Given how awful the levels of affordable house building were in 2013/14 nationally, it’s difficult to imagine they could get worse by looking at them on a local level.
Not only has the total level of social rented house building fallen to its lowest since the Second World War, but in much of the country last year no new social rented homes were built at all.
In 117 council areas – over a third of the 326 in England – not a single social rented home was built in 2013/14.
In a further 82 there were only between 1 and 19 social rented homes built, meaning that in 199 council areas there were fewer than 20 social rented homes built last year.
Effectively, in more than 60% of the country’s districts there was no meaningful social house building last year.
This is despite new polling for the National Housing Federation finding that 58% of people support new social house building in their area.
This lack of building is not due to an absence of need.
Seven of the council areas where no social rented house building took place last year are in London.
In those boroughs alone over 70,000 households are on the waiting list for a social rented home. The overwhelming majority of them won’t ever get one unless more homes are built.
Even more worrying: in those London boroughs over 8,000 households are homeless and in temporary accommodation. Over 3,700 of these are families with children. Without new social rented homes, it will continue to be difficult to find a suitable long-term home even for people who are homeless.
And while the picture is particularly bleak at a local level with regards to social rented house building, it would be a mistake to believe that everything is fine when it comes to building levels of other types of affordable home.[i]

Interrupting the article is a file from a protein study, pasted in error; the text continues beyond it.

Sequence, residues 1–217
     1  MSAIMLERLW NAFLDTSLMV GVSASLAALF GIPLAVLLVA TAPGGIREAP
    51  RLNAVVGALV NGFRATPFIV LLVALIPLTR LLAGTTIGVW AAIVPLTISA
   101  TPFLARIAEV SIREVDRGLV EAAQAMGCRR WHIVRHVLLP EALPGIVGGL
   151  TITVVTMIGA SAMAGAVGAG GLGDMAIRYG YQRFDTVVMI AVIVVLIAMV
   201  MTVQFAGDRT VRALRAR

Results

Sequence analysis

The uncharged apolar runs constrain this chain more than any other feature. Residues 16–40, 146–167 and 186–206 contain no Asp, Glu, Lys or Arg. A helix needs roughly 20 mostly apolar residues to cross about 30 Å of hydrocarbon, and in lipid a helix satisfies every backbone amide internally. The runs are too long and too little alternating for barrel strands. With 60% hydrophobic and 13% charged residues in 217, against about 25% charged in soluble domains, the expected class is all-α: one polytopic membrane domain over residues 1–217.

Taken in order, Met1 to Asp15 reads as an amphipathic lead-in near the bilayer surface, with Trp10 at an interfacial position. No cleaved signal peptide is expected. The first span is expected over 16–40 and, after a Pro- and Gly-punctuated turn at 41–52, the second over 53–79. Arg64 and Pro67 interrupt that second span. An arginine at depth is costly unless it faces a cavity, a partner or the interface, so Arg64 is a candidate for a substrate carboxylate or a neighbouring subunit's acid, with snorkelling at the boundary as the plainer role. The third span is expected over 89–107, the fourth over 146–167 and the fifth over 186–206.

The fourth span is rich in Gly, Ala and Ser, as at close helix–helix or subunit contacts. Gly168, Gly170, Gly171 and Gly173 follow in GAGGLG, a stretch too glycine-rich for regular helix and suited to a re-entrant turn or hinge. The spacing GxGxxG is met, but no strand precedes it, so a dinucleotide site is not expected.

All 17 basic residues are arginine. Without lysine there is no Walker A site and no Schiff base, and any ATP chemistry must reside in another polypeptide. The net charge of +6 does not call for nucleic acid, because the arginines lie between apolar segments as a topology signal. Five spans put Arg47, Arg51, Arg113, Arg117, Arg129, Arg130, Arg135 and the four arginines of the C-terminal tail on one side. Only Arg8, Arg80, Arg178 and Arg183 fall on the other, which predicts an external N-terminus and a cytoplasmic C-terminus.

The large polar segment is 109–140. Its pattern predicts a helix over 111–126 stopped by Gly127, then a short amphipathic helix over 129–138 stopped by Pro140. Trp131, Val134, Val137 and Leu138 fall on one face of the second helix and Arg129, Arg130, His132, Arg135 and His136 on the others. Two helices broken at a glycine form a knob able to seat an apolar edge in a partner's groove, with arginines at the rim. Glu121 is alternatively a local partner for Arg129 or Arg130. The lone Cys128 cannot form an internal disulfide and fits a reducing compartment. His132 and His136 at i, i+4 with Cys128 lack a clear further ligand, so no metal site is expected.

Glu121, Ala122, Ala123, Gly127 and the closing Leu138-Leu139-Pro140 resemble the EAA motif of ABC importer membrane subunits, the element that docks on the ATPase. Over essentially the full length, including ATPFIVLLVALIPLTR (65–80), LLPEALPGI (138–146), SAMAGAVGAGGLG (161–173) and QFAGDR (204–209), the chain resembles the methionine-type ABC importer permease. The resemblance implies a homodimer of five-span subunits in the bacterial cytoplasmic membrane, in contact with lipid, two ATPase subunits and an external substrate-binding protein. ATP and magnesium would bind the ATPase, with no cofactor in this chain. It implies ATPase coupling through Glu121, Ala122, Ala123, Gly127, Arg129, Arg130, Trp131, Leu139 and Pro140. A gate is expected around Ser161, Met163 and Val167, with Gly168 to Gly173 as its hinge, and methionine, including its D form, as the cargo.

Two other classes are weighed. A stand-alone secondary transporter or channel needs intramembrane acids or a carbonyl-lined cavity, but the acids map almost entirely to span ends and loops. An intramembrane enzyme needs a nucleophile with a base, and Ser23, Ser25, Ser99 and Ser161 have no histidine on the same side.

There are, for example, ten council districts where levels of affordable house building were so low in 2013/14 that they don’t even register on the more general set of local statistics (Live Table 1008, where numbers are rounded to the closest 10).
Again, the lack of building is not driven by a lack of need.
For example, in some of the districts average house prices are almost ten times the average income.
As such, there is a compelling case for affordable home ownership like shared ownership – and yet barely any of these types of home are being built. In the Communities Secretary’s local council area of Brentwood, for example, only 1 shared ownership home was built last year, and that was the only affordable home built in that borough. Need in Oxford is almost as high as in parts of London and yet no affordable homes of any kind were built.
Even in somewhere like Oadby and Wigstone, a district in Leicestershire, where prices are relatively affordable, there are still over 1,300 people on the housing waiting list.
Building more of every type of home – including affordable homes – is the only way that we will sustainably tackle homelessness and help bring the benefits of home ownership to people who’ve been priced out.
Later this month Shelter will publish a report on how we can do this, and increase building of all types of home, including social rented and intermediate homes (like shared ownership).
Until that increase has happened, Shelter’s advisers will be on-hand to help those most in need access this ever-more-scarce resource.
You can donate to Shelter so that we can continue to give people advice and access a home this Christmas by texting SHELTER to 70060.
[i] Under the broad umbrella of ‘affordable homes’ comes a wide variety of different intermediate and social homes, including:
- Shared ownership homes (part-rent, part-buy homes)
- Intermediate rent homes (short-term homes charged at up to 80% of market rents)
- ‘Affordable Rent’ homes (long-term homes charged at up to 80% of market rents)
- Social rented homes (long-term homes charged at social rents – typically about 50% of market rents)